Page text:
Sainsbury Institute for the Study of Japanese Arts and Cultures together with the University of East Anglia are delighted to announce the launch of our new MA programme in Interdisciplinary Japanese Studies, beginning in autumn 2020.
Administered through UEA’s Interdisciplinary Institute for the Humanities, home to the University’s Centre for Japanese Studies, this MA course is a collaboration of Japan specialists from both the University and the Sainsbury Institute for the Study of Japanese Arts and Cultures. Lecturers with academic focus on Japan from several schools of study at UEA, as well as academic staff of the Sainsbury Institute together have developed an innovative interdisciplinary curriculum for students who want to know about Japan, its place in the world, and its transforming cultural identity.
Based in Norwich, one of the UK’s most rapidly growing research hubs of Japanese Studies, this course will offer students access to resources of several institutions located here.
Since 1999, the Sainsbury Institute for the Study of Japanese Arts and Cultures has been developing and sharing its world-class research with the city and with UEA.
Located in the city centre on the premises of Norwich Cathedral, the Sainsbury Institute is a unique world-leading centre for the study of Japanese arts and cultures, with an expanded global network of scholars and art professionals, regular events programme, a welcoming community of in-house and visiting scholars, and invaluable Lisa Sainsbury Library, which holds its own special collections of original artworks and primary sources.
Students will be encouraged to participate in the Institute’s academic life, and will have a chance to attend the monthly Third Thursday Lectures in Norwich Cathedral, a record-breaking lecture series on Japanese arts by leading experts from across the globe, which celebrated its 200th lecture anniversary in September 2018.
Sainsbury Institute’s academic staff, including Professor Simon Kaner (Director of the Institute and an expert in Japanese archaeology), Dr Eugenia Bogdanova-Kummer (course director for the MA program, and expert in modern Japanese art and calligraphy), Dr Ryoko Matsuba (senior Digital Humanities Officer, and a specialist in Japanese print culture and digital technologies), Professor Toshio Watanabe (expert in modern Japanese art), and Professor Nicole Coolidge Rousmaniere (specialist in Japanese ceramics, and globally renowned art curator) are all excited to welcome students to the programme, and to share their knowledge and appreciation for Japanese culture. They will be teaching about Japanese art history, share their experiences of understanding Japan through its visual and material culture, introduce students to the latest developments in the field, and offer guidance to jump-start their professional careers.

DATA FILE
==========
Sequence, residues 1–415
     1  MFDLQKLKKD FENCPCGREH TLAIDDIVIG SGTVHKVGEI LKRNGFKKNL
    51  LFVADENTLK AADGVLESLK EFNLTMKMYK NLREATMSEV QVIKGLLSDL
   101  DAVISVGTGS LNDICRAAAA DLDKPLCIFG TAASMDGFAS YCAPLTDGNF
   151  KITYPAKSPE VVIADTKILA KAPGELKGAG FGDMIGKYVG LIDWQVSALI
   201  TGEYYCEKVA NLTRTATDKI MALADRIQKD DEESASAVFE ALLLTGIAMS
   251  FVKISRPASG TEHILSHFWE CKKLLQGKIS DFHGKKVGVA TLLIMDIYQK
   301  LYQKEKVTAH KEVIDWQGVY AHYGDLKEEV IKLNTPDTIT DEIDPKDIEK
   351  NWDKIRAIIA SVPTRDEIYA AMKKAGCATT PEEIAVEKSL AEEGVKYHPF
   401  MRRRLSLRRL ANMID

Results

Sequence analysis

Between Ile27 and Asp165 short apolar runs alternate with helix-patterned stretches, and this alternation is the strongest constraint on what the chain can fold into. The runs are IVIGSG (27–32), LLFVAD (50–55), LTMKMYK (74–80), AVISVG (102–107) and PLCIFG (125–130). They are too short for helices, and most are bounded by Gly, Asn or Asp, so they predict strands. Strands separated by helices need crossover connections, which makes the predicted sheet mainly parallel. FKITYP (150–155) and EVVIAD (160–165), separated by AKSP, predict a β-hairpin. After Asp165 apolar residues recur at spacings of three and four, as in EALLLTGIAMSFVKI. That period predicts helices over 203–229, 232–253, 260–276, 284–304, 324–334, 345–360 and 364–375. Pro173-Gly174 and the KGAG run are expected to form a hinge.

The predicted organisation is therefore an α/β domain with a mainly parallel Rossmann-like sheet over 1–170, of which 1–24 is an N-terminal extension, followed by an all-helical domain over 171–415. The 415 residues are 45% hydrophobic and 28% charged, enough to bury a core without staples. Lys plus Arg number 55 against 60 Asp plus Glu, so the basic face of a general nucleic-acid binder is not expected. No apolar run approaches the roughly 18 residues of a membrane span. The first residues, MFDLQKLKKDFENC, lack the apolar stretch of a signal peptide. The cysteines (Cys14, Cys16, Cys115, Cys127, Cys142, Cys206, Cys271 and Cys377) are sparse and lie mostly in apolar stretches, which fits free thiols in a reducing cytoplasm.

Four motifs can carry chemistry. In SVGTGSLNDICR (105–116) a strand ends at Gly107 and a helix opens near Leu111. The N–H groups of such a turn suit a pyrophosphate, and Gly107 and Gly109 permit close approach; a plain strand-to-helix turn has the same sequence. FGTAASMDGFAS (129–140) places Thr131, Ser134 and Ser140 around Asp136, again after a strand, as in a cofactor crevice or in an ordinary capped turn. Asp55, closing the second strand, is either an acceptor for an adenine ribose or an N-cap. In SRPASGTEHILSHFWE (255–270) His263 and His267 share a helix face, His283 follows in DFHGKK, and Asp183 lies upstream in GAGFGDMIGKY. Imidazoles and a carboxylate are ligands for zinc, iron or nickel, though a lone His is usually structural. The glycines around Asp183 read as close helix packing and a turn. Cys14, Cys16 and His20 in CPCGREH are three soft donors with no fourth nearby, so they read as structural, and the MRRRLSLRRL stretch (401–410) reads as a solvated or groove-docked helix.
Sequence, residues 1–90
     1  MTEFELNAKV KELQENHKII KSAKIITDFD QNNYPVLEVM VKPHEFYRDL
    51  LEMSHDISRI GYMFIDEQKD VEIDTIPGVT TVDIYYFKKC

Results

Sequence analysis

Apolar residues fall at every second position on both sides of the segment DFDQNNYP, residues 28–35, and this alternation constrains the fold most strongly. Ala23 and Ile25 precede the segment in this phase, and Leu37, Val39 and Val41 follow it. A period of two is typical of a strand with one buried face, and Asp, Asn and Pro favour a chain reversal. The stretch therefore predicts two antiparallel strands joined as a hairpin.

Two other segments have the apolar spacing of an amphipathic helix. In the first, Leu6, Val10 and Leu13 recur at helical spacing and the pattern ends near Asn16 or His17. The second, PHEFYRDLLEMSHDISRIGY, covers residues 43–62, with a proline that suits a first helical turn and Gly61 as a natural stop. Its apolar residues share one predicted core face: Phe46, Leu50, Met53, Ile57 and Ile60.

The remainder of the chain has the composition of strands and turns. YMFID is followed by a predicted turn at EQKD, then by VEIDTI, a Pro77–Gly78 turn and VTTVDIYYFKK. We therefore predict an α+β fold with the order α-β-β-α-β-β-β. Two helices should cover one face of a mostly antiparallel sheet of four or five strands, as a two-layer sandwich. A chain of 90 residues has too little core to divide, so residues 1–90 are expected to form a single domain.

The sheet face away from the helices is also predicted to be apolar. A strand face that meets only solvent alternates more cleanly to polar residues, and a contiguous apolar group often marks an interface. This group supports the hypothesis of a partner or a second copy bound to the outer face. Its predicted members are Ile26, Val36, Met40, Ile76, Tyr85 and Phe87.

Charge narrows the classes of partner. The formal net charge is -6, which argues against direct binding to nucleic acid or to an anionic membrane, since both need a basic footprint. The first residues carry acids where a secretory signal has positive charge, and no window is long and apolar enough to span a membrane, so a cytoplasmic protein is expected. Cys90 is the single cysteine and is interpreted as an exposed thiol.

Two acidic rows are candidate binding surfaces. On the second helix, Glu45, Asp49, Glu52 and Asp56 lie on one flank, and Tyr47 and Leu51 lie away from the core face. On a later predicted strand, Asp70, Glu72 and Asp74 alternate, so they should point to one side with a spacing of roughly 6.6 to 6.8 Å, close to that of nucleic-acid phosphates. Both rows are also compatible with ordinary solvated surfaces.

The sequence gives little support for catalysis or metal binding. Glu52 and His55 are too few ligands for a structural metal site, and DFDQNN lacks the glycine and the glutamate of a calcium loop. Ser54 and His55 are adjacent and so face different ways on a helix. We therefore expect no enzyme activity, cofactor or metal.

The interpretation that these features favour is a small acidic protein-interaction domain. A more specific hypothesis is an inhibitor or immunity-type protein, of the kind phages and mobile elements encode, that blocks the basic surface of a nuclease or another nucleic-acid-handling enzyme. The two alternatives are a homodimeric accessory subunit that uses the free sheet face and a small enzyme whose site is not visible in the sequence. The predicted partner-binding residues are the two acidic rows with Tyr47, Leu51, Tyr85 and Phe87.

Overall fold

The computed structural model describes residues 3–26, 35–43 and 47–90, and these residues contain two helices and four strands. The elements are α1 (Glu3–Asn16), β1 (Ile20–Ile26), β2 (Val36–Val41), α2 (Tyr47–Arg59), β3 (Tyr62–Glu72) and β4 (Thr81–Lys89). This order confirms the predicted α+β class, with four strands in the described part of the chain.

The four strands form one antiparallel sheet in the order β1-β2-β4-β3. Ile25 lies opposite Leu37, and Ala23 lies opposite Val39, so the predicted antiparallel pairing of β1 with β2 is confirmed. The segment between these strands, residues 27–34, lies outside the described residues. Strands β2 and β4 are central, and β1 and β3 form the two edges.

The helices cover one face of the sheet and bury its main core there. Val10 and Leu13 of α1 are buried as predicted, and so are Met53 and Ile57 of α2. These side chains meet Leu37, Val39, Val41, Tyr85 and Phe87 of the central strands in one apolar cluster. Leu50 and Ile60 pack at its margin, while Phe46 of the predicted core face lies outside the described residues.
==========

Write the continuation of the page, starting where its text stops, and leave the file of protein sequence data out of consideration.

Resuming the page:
The students of this course will additionally benefit from access to UEA’s Centre for Japanese Studies and the wide range of scholarly expertise on Japan that the UEA faculty, who all contribute distinct disciplinary perspectives, have to offer. Japan specialists at UEA currently include Dr Ra Mason (based in the School of Politics, Philosophy and Language and Communication Studies), who is an expert in Japan’s international relations and Okinawan Studies, and has extensive knowledge of Japan’s foreign relations within East Asia; Dr Nadine Willems (UEA’s School of History), a cultural historian on Japan, with multi-year experience of working in Tokyo, works on modern Japanese history and the history of ideas; Dr Hannah Osborne, a newly appointed lecturer in Japanese Literature in the School of Literature and Drama, specialises in modern Japanese literature through the perspectives of gender and body; and Dr Eriko Tomizawa-Kay, based in the School of Politics, Philosophy, Language and Communication Studies, is an expert in modern Japanese art, diaspora studies, and Okinawan art. Dr Sherzod Muminov (School of History) specialises in Japanese history, in particular Japan-East Asia and Japan-Russia relations, and Dr Rayna Denison, in the School of Art, Media and American Studies is an expert in Japanese film and anime.
These outstanding offerings will be further enriched by the weekly Research Seminars of UEA’s Centre for Japanese Studies, which bring to Norwich scholars and professionals working on Japan across the UK and Europe, to become a regular part of the course curriculum.
The intellectual rigour of the programme will be complemented by access to the unique collection of Japanese art at the Sainsbury Centre for Visual Arts located at UEA’s campus. The collection boasts outstanding examples of prehistoric art, Buddhist sculptures, paintings and ceramics. The collection will provide students with a first hand experience of studying Japan’s material culture through artefacts, and learning about Japan’s past and present through art objects. Students will be encouraged to use this collection for their study, and to gather experience in curating, researching, and communicating about Japanese culture.
We hope that this course will help create a new generation of versatile experts on Japan, who are well equipped to cross geographical, disciplinary, and institutional borders, ready to jump-start their careers in this exciting field.
The call for applications is now open. The application deadline for autumn 2020 is July 31, 2020. For more information on the course, its full-time and part-time options, and the application procedure, please see the UEA MA course profile page.
Selected scholarships for outstanding candidates who enrol in this course will be available. If you wish to be considered for the scholarship, please apply by June 1, 2020. More information on this will be published soon.